India conveys its position to Washington on US Navy ship’s operation in EEZ

India conveys its position to Washington on US Navy ship's operation in EEZ

NEW DELHI: India on Friday conveyed to Washington its position on the US Navy Ship John Paul Jones that carried out a freedom of navigation operation in the country’s exclusive economic zone off the coast of Lakshadweep islands without its consent, reported Indian TV channel Times Now.

The Government of India’s stated position on the United Nations Convention on the Law of the Sea is that the Convention does not authorize other states to carry out in the Exclusive Economic Zone and on the continental shelf, military exercises or maneuvers, in particular those involving the use of weapons or explosives, without the consent of the coastal state,” said the Indian Ministry of External Affairs on Friday.

The Indian foreign ministry said that that the USS John Paul Jones was continuously monitored while it was transiting from the Persian Gulf towards the Malacca Straits.

We have conveyed our concerns regarding this passage through our EEZ to the Government of the USA through diplomatic channels, read the statement.

The statement was issued after the US Navy shared that the USS John Paul carried out a freedom of navigation operation inside India’s exclusive economic zone off the Lakshadweep Islands. It had said that the operation was done on April 7 without India’s knowledge about it.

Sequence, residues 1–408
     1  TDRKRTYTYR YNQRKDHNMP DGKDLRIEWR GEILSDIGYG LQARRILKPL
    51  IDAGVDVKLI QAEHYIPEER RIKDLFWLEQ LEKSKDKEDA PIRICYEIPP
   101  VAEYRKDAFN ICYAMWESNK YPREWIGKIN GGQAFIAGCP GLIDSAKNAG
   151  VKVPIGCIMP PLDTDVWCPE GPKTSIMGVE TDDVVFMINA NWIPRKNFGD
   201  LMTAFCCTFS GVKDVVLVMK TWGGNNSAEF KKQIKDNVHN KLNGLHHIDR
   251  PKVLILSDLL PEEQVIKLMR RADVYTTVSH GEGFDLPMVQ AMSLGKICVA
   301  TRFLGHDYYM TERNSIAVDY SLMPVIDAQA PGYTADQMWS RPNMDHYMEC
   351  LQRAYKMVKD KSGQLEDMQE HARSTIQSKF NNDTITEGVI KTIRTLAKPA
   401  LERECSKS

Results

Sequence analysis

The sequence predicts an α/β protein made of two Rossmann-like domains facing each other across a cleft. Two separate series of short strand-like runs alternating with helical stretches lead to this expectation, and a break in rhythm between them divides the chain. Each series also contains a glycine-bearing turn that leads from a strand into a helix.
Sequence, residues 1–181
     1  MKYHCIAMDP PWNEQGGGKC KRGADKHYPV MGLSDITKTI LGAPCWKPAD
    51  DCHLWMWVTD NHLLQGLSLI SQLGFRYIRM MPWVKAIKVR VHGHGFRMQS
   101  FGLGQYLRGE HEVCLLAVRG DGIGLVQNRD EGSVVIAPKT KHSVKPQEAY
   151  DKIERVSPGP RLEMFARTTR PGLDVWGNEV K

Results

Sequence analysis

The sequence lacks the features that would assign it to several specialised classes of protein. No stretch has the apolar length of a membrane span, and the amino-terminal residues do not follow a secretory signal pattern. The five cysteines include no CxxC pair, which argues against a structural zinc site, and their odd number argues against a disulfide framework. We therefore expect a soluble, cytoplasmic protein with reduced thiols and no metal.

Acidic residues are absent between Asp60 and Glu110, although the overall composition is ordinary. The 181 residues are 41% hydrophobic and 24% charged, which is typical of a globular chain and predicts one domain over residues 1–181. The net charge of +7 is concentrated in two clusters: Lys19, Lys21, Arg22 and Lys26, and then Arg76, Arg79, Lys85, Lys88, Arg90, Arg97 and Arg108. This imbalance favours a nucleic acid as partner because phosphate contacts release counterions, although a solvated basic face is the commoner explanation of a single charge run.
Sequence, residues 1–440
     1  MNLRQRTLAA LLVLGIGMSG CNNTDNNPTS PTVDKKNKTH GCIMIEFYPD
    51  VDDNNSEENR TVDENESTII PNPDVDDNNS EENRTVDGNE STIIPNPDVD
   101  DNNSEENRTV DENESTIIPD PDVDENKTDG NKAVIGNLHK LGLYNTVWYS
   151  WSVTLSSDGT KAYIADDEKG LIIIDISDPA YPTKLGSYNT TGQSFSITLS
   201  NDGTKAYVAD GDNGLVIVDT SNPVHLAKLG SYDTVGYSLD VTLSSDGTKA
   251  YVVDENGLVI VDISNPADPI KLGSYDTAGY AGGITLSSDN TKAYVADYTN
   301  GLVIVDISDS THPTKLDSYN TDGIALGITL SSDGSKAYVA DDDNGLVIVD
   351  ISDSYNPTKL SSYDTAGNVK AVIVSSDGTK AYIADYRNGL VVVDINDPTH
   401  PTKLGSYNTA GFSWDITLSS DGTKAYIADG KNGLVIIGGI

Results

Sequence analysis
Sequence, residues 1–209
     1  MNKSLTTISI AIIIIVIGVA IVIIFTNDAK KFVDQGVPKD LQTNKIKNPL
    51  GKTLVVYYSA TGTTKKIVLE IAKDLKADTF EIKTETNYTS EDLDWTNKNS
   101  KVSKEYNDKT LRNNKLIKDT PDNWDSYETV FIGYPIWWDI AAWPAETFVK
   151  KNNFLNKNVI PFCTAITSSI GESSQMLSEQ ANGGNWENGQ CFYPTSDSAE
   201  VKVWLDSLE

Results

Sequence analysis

On April 7, 2021 (local time), USS John Paul Jones (DDG 53) asserted navigational rights and freedoms approximately 130 nautical miles west of the Lakshadweep Islands, inside India’s exclusive economic zone, without requesting India’s prior consent, consistent with international law, said the US Navy.

The statement acknowledged that New Delhi’s has set prior consent as a requirement for military exercises in its exclusive economic zone but explained that that the demand was inconsistent with international law.

This freedom of navigation operation upheld rights, freedom, and lawful uses of sea recognized in international law by challenging India’s excessive maritime claims, said the statement.

The US Navy shared that it operates in the Indo-Pacific region regularly. It explained that all operations comply with the international law and demonstrate that the United States will fly, sail and operate wherever international law allows.

We conduct routine and regular Freedom of Navigation Operations (FONOPs), as we have done in the past and will continue to in the future. FONOPs are not about one country, nor are they about making political statements, said the US Navy.

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